How the “New York Times” Divulged Vital Israeli Secrets

June 16 2017

Last month, a scandal broke out when it became public knowledge that President Trump shared with the Russian foreign minister highly classified information—provided by Israel—about Islamic State’s plans to get bombs onto airplanes. The president was soon accused of jeopardizing Israeli and American intelligence operations against Islamic State (IS) by providing specifics about intelligence-gathering to an unfriendly nation.

What specifics in particular? Relying on information provided off-the-record by current and former U.S. officials, the New York Times undertook to disclose them. Israel, it reported, had been conducting an extremely sophisticated cyber-intelligence operation against IS that gave it access to detailed information about terror plots.

Now that this information has been published, writes Elliott Abrams, IS will surely be able to identify and guard against the “tool” that Israel is using to spy on its operations. Other countries, too, will likely be able to protect themselves against similar espionage, forcing Jerusalem to cease making use of a piece of software that likely took years to develop and could have otherwise yielded much more vital information.

It’s hard to tell how much damage was done, [by the president’s comments to his Russian guests], because he did not reveal how the information [about IS] was acquired. That task was left to the New York Times and to the American officials who leaked highly classified information to the Times. Those officials committed a crime. . . .

I don’t know whether the president’s disclosure infuriated Israelis, [as the Times reports], but I know that the Times’s unprincipled and irresponsible disclosure damaged not only Israel but our own safety. It helped IS. . . .

The officials who leaked to the Times leaked information of the highest sensitivity and classification, which is why I called it a crime. That leak, and the decision of the Times to print the story, endangers Israeli security and American security. To what end? What is achieved? . . .  [I]t’s just a small part of a campaign against Trump. And it seems advancing that cause, for the leakers and the newspaper, trumps our security and that of an ally.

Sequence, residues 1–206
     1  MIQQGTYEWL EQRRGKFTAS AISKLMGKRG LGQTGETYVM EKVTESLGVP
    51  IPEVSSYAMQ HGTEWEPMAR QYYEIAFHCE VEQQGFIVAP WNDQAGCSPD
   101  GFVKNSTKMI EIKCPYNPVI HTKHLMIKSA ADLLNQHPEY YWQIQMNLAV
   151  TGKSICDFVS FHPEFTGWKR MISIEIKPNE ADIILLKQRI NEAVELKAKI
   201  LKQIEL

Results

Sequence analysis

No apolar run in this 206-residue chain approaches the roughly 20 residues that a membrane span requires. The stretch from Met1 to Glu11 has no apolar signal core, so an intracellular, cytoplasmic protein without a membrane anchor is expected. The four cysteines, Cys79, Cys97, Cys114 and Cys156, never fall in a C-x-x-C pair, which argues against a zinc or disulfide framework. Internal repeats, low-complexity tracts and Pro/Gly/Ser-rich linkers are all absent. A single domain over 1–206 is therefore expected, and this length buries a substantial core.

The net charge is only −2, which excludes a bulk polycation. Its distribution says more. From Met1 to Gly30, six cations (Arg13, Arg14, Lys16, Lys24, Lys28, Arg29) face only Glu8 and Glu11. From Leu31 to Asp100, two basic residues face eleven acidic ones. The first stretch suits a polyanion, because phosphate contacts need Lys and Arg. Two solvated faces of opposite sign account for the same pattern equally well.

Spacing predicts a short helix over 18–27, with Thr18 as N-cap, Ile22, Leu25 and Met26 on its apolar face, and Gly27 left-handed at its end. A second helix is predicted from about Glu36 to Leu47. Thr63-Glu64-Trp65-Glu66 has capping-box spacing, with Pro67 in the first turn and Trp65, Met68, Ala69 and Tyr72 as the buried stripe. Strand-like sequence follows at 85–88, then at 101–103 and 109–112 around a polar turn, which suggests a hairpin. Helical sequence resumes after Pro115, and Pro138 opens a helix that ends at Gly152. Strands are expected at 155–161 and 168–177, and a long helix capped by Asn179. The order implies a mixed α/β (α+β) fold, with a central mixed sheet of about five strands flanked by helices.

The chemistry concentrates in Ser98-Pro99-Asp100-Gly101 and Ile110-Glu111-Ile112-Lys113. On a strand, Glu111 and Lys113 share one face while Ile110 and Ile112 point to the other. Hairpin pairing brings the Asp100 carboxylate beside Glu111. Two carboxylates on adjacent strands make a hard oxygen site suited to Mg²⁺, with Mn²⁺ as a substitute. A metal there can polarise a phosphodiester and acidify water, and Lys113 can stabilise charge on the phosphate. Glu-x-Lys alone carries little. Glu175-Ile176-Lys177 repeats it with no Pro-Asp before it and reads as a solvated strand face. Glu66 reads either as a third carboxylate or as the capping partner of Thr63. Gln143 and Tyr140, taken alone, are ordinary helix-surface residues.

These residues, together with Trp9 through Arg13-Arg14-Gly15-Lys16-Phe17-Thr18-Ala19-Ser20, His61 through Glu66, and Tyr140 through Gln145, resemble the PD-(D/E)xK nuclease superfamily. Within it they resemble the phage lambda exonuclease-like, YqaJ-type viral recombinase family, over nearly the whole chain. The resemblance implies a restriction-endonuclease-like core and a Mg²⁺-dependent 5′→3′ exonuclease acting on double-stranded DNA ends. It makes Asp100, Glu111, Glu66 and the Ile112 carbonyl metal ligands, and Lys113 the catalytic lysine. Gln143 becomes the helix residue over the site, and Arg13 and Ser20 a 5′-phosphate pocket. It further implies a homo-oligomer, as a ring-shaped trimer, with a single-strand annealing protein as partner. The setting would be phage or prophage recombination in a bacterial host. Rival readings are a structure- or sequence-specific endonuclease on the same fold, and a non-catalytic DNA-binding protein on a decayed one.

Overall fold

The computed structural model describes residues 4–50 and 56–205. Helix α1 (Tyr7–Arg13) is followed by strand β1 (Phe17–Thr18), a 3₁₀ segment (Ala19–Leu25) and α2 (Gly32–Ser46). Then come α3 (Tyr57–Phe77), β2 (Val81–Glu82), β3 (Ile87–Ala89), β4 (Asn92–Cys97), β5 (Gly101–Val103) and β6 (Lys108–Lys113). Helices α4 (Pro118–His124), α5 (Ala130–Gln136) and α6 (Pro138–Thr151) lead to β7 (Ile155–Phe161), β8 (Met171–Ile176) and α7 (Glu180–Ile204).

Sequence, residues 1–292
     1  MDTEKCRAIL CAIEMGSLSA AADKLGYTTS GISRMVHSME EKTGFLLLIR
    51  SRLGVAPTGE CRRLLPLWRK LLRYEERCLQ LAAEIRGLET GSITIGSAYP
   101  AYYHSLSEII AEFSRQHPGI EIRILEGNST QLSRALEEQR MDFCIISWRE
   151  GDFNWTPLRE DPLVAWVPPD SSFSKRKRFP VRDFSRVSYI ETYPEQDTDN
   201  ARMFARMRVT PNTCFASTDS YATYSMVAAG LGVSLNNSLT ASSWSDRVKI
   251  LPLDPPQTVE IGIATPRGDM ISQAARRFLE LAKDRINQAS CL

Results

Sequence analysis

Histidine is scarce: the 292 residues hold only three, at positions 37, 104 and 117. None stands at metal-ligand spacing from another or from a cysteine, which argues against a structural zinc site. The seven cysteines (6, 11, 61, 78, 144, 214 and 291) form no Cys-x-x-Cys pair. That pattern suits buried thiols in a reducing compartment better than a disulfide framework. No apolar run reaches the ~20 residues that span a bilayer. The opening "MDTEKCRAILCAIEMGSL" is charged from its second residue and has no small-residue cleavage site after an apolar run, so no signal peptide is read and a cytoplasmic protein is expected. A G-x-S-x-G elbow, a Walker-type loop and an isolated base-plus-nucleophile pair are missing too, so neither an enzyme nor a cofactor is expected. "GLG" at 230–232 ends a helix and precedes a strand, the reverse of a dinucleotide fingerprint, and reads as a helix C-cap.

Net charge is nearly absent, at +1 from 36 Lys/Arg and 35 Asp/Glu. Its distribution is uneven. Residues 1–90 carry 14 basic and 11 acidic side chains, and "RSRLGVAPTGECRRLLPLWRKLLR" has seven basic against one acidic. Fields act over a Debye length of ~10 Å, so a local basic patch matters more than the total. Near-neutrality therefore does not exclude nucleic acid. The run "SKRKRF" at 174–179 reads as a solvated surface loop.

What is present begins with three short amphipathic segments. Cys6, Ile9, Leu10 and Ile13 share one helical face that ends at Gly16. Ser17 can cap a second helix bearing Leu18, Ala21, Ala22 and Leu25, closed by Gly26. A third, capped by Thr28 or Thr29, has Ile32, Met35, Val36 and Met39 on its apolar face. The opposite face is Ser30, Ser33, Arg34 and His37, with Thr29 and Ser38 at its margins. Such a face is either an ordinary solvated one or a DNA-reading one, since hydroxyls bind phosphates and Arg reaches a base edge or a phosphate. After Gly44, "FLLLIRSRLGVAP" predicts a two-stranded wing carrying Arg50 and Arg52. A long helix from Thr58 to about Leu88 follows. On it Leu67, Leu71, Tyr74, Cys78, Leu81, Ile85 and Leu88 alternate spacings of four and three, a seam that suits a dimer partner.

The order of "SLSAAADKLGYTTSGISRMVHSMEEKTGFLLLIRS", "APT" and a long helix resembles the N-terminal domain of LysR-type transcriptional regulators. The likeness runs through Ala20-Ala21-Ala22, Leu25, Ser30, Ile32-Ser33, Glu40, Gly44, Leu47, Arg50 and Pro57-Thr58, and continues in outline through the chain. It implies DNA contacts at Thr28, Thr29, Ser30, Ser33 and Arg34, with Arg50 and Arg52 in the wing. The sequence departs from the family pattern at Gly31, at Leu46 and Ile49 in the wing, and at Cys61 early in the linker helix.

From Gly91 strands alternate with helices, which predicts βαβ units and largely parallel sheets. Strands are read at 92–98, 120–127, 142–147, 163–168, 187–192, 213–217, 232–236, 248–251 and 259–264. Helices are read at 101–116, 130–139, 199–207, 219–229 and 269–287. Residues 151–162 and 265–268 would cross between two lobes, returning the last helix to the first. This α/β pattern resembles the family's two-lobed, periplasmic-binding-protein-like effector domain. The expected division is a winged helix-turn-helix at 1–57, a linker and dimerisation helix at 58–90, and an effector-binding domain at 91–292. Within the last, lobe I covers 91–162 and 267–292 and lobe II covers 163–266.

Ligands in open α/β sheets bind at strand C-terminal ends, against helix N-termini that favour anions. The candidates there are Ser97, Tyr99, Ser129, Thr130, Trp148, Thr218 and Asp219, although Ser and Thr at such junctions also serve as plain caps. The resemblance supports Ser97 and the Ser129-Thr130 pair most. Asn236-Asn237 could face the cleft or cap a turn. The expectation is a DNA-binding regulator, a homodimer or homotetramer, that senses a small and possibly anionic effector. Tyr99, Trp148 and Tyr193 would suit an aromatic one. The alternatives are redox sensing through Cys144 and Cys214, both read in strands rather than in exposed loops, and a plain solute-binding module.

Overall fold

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Read more at Pressure Points

More about: Cyberwarfare, Donald Trump, Intelligence, ISIS, Israel & Zionism, Israeli Security, New York Times

 

The Palestinian Authority Is Part of the Problem, Not the Solution

Jan. 31 2023

On Thursday, Palestinian Authority (PA) officials announced that they had ceased all security cooperation with Israel; the next two days saw two deadly terrorist attacks in Jerusalem. But the PA has in the past made numerous threats that it will sever its ties with the Israeli government, and has so far never made good on them. Efraim Inbar poses a different set of questions: does cooperation with Palestinian leaders who actively encourage—and provide financial incentives for—the murder of Jews really help Israel protect its citizens? And might there be a better alternative?

The PA leader Mahmoud Abbas seems unable to rule effectively, i.e., to maintain a modicum of law and order in the territories under his control. He lost Gaza to Hamas in 2007, and we now see the “Lebanonization” of the PA taking place in the West Bank: the emergence of myriad armed groups, with some displaying only limited loyalty to the PA, and others, especially the Islamists, trying to undermine the current regime.

[The PA’s] education system and media continue propagating tremendous hostility toward Jews while blaming Israel for all Palestinian problems. Security cooperation with Israel primarily concerns apprehending armed activists of the Islamist opposition, as the PA often turns a blind eye to terrorist activities against Israel. In short, Abbas and his coterie are part of the problem, not of the solution. Jerusalem should thus think twice about promoting efforts to preserve PA rule and prevent a descent into chaos while rejecting the reoccupation of the West Bank.

Chaos is indeed not a pleasant prospect. Chaos in the territories poses a security problem to Israel, but one that will be mitigated if the various Palestinian militias vying for influence compete with each other. A succession struggle following the death of Abbas could divert attention from fighting hated Israel and prevent coordination in the low-intensity conflict against it. In addition, anarchy in the territories may give Israel a freer hand in dealing with the terrorists.

Furthermore, chaos might ultimately yield positive results. The collapse of the PA will weaken the Palestinian national movement, which heretofore has been a source of endemic violence and is a recipe for regional instability in the future.

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Read more at JNS

More about: Israeli Security, Palestinian Authority, Palestinian terror